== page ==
The policy has another pernicious effect. As American Enterprise Institute scholar Nicholas Eberstadt has documented, it will turn China, by 2030, into a grayer society than the United States. Yet China will still not be as wealthy as the U.S. and will face a tougher time supporting its senior citizens.
Other Asian countries in which a traditional preference for males is abetted by modern medical technology are also becoming bachelor nations. The bride shortage in South Korea is so severe that companies in Seoul advertise Vietnamese wives for desperate Korean men. Taiwan and Pakistan have vastly more male babies than female ones. India faces almost as great a bachelor crisis as China -- by 2020, India may have 28 million men who cannot find wives. As in China, Indian prosperity has made the problem worse: The country’s starkest gender imbalances occur in some of its wealthiest states.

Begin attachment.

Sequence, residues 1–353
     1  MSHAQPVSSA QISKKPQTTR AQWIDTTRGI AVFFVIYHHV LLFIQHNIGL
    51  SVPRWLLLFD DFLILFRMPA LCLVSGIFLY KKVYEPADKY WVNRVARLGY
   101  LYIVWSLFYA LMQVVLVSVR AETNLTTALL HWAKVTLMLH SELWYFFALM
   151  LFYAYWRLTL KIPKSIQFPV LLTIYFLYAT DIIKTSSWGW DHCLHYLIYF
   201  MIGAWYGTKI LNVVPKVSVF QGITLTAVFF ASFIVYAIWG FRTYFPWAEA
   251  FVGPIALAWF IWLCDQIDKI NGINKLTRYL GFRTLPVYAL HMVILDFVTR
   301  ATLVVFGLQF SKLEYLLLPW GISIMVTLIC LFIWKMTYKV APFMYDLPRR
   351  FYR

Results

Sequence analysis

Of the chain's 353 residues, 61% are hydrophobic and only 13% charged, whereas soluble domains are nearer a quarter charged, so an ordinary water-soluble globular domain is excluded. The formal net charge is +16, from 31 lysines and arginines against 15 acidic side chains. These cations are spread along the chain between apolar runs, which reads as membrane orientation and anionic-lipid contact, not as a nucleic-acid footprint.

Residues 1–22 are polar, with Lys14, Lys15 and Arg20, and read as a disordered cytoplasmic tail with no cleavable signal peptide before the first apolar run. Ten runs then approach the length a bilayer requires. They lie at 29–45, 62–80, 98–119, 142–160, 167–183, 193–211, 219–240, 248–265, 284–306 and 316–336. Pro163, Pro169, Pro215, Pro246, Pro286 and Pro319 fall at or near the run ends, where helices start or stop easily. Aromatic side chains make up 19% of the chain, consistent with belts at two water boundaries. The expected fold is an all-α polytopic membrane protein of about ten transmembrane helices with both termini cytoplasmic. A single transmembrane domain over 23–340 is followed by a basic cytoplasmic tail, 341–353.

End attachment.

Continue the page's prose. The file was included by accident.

As any parent of adolescents knows, boys tend to be happier and calmer when they’ve found love. In a landmark study, political scientists Andrea M. den Boer and Valerie Hudson also determined that single young men are far more likely to commit violence than their married peers. Even young criminals, they found, often give up crime when they marry and settle down. These findings may be playing out in China, which is experiencing rising crime waves. Cities with the most unbalanced sex ratios have some of the highest crime rates.
The demand for brides also is fueling a different type of crime -- a growing sex trafficking industry in China, one that is sweeping in girls from such neighboring nations as Laos, Myanmar, North Korea and Thailand and poisoning China’s image in these countries. Some of these women, such as North Koreans, wind up as virtual slaves in China.